Wednesday, January 11, 2012

On Arabs, Israel and Black Africa

Recently, I read a very interesting article “Black Africa and the Arabs”. The Article was written in Foreign Affairs Magazine (one of the best, most interesting Magazines EVER!) by Ali A. Mazrui in 1975.

It mainly discusses the affects of Arabs (and Islam) on Africa, especially on east and west Africa.
Here are some interesting points mentioned in the Article…

On the influence of Arabs (through 12 centuries of contact, enslavement, trade,cooperation, and settling)…

“In the secular field the Arabs have up to this time played two major roles in black Africa: first as accomplices in African enslavement, and then in the twentieth century as allies in African liberation”

Wikilpedia: Slave Trade Routes

“Swahili, now adopted as a national language by Tanzania, Kenya and Uganda (and spoken as well in Zaire, Rwanda and Burundi), has come to pose the most serious indigenous challenge to the role of English as a lingua franca in Africa... Perhaps over 20 percent of the basic vocabulary of the language comes from Arabic-including the name of the language itself and much of its political vocabulary (like words for "president" [raisi], "minister" [waziri], "law" [sharia], "department" [idara], and "politics" [siasa])”.”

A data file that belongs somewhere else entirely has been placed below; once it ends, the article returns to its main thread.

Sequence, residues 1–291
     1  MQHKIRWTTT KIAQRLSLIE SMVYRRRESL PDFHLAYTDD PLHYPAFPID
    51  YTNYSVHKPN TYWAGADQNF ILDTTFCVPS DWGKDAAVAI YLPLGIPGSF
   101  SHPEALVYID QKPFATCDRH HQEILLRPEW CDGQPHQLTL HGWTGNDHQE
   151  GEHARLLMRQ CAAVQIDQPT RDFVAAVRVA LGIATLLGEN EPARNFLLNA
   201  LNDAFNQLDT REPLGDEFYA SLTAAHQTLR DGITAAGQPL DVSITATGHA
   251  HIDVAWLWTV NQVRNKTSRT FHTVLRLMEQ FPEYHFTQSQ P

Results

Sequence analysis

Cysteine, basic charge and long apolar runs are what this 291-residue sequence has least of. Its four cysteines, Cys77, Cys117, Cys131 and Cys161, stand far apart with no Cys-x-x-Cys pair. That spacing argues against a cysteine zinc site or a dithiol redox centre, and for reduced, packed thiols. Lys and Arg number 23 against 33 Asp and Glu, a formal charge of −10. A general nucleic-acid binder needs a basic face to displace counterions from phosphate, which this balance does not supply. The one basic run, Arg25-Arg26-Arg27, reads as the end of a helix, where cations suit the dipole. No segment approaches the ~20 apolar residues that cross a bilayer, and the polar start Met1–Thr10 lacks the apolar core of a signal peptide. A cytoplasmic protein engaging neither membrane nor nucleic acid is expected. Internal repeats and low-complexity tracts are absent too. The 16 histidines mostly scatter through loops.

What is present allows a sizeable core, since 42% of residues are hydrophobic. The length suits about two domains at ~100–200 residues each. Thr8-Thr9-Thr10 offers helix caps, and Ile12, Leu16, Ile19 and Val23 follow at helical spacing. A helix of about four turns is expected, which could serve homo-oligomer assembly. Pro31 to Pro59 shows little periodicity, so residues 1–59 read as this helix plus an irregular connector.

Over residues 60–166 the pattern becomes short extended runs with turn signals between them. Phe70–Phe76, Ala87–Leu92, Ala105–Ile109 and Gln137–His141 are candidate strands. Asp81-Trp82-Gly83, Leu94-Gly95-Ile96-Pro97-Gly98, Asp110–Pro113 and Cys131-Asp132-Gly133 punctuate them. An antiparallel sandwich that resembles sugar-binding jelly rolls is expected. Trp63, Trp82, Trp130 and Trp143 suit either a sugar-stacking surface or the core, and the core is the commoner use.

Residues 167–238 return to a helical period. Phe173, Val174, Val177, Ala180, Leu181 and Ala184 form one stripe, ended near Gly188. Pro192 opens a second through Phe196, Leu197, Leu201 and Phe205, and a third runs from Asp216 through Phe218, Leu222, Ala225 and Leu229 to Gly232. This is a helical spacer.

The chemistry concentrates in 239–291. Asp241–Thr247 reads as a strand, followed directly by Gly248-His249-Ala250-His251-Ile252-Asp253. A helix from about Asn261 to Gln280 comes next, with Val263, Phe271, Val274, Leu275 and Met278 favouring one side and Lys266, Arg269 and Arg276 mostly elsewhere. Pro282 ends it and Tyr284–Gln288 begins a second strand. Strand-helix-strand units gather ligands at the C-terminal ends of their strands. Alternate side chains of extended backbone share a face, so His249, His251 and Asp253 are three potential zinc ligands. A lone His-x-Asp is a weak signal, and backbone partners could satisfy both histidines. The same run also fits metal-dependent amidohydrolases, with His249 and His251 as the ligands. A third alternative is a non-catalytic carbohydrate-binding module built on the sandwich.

“Whereas the spread of Islam through East and West Africa provides a cultural bond, it also, in some cases, serves to reinforce separatist tendencies”

“In Africa as a whole, however, it would be misleading to emphasize only those cases where Muslims and Christians have made uncomfortable bedfellows. We should not forget that while the United States was trying to make up its mind in 1960 about whether to elect its first Catholic president, the Muslim voters of Senegal had already affirmed their support for their Catholic leader, Leopold Senghor. Islam in Africa has sometimes shown levels of magnanimity higher than those it has attained in its ancestral home in the Middle East.”

“...OAU in Afro-Arab relations were revealed. The organization is, on the one hand, becoming a mechanism by which the Arabs can politically influence black Africans. On the other hand, it is also evolving into a mechanism through which black Africans might seek economic concessions from the Arabs.”

On how European imperialists tried to build a moral case for their colonization of African nations…

“…the attitudes of most black Africans toward the Middle East at that time were either indifferent or hostile. The Arab slave trade featured prominently in the version of African history taught by English schoolmasters in East Africa, for the British liked to justify their colonial presence in East and Central Africa by arguing that the original motivation was to suppress the Arab slave trade. With one stroke colonial policymakers could discredit both the Arabs and Islam, while at the same time giving their own imperial presence a high moral justification.”

On the change in perception of Africans towards Arabs...

“The Arabs, however, under Nasser's leadership, did perceive the interrelationship between the Middle East and Africa and began to play a role as allies in Africa's liberation”

Gamal Abdel Nasser (x-Egyptian President)